Gaining Genetic and Epigenetic Data from a Single Established Next-Generation Sequencing Approach

Post provided by Marco Crotti

How organisms adapt to the environment they live in is a key question in evolutionary biology. Genetic variation, i.e. how individuals within populations differ from each other in terms of their DNA, is an essential element in the process of adaptation. It can arise through different mechanisms, including DNA mutations, genetic drift, and recombination.

Example of how genetic drift can occur over generations via random sampling (i.e. random mating) in a population. (Picture credit: Gringer).

Differences in DNA sequences between individuals can results in differences in the expression of genes. This can therefore determine the organism’s capacity to grow, develop, and react to environmental stimuli. However, a growing body of literature reveals that there are other ways organisms can change the way they interact with the world without mutations in the DNA sequence.

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The Ecology of Dance

Post provided by Chloe Robinson

Dance has been part of human culture for millennia. Some scholars refer to dance as a specific language, dependent on the space and time in which it exists and dependent on the power structures that rule in that time. April 29th marks International Dance Day; a day initiated in 1982 by the International Dance Committee of the UNESCO International Theatre Institute to commemorate the birthday of Jean-Georges Noverre, a distinguished French choreographer.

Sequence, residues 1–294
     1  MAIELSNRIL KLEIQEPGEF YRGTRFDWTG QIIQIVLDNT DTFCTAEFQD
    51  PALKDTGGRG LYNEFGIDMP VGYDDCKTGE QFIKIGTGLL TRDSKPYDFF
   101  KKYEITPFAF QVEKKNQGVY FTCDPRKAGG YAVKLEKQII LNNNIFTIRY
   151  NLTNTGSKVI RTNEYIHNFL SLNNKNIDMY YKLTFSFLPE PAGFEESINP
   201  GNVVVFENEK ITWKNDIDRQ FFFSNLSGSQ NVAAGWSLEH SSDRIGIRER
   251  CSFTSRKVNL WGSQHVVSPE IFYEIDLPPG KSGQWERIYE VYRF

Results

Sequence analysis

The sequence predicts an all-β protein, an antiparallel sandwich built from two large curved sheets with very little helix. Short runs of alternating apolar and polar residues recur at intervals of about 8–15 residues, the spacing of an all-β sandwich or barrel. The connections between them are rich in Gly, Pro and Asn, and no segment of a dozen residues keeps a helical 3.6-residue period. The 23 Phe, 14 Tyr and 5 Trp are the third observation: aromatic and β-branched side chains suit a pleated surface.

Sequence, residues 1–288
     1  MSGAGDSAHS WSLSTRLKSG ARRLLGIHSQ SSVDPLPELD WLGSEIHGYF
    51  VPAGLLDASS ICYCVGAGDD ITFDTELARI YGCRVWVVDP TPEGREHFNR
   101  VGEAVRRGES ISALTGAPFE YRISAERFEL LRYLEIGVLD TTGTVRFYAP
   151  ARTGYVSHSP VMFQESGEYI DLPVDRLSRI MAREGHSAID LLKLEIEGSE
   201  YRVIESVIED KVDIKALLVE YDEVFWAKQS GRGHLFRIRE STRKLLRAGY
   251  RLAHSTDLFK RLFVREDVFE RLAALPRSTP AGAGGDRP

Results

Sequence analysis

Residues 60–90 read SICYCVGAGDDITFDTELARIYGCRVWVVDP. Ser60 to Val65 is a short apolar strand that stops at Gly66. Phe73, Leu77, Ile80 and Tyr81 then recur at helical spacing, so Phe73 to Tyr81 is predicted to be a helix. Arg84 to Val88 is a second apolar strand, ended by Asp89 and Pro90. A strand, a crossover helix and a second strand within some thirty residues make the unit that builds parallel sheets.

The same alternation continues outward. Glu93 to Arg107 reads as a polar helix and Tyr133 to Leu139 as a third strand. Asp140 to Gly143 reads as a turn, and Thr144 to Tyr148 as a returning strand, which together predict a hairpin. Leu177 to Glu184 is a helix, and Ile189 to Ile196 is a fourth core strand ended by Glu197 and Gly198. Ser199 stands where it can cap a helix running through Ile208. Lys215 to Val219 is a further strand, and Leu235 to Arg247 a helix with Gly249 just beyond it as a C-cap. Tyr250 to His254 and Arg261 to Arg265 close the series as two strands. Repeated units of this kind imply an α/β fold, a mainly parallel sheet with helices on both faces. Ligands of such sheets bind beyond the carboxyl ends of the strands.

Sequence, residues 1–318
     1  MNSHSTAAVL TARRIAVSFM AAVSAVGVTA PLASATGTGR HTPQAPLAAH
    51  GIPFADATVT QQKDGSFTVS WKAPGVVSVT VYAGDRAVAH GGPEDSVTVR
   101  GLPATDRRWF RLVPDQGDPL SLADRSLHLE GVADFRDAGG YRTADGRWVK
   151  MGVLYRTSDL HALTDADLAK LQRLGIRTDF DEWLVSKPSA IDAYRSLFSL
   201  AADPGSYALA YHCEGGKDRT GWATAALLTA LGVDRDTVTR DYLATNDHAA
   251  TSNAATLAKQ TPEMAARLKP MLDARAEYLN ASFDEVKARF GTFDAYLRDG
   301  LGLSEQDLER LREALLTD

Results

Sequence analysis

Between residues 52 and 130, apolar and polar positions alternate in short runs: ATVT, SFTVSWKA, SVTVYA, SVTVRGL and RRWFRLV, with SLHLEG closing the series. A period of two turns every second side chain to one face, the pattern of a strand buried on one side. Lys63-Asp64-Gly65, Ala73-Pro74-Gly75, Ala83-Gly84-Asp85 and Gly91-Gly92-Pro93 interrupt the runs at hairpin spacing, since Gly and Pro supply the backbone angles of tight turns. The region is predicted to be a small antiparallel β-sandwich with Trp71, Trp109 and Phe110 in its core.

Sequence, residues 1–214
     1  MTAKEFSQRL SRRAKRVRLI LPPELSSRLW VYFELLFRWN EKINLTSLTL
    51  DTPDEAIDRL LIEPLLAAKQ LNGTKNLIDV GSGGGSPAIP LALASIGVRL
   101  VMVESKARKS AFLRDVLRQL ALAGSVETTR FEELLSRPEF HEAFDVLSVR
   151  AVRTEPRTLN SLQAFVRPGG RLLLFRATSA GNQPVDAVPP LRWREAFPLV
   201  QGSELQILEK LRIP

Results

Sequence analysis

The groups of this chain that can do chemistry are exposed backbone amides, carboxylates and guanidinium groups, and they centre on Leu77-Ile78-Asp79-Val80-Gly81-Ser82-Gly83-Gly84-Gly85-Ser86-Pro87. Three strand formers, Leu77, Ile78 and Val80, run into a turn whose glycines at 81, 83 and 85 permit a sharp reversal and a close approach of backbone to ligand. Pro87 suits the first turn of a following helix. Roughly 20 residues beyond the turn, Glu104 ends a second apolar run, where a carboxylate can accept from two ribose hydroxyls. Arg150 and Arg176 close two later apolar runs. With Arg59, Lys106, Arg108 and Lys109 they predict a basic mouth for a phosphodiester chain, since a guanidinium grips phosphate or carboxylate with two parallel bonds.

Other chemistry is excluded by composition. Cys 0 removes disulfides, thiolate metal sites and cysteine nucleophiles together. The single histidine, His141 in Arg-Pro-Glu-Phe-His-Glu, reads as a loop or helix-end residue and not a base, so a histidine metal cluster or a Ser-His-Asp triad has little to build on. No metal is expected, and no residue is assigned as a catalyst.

Male Maratus volans peacock spider. Picture credit: Jürgen Otto.

For humans, dance is considered a sacred ritual, sometimes a form of communication and sometimes an important social and courtship activity. A recent study has even linked the innate ability to dance with greater survival rates in prehistoric times. However, for certain species of wild animal, dance-like behaviours are crucial for communication and mating. In this blog, I am going to highlight the evolutionary foundations of dance in wild animals and explore some of the ways that dance is used in ecology.

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2019 Robert May Prize Winner: Corneile Minnaar

The Robert May Prize is awarded annually for the best paper published in Methods in Ecology and Evolution by an Early Career Researcher. We’re delighted to announce that the 2019 winner is Corneile Minnaar, for his article ‘Using quantum dots as pollen labels to track the fates of individual pollen grains‘.

A central component of an organism’s fitness is its ability to successfully reproduce. This includes finding a potential mate and successful mating. For plants, movement of pollen from an anther to a conspecific stigma is essential for successful reproduction, but directly tracking movement of individual pollen grains heretofore has been impossible (with the exception of those species of orchids and milkweeds whose pollen comes in large packages (pollinia)). Knowing how pollen move around, whether or not they successfully fertilize ovules, is also central to understanding the evolution and ecology of flowering plants (angiosperms) and floral traits.

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O Problema com os ‘Fósseis Vivos’: Uma Perspectiva Filogenética Molecular

Blog escrito por: gustavo burin

This post is also available in English

Fóssil de caranguejo-ferradura (Museu de História Natural de Berlin)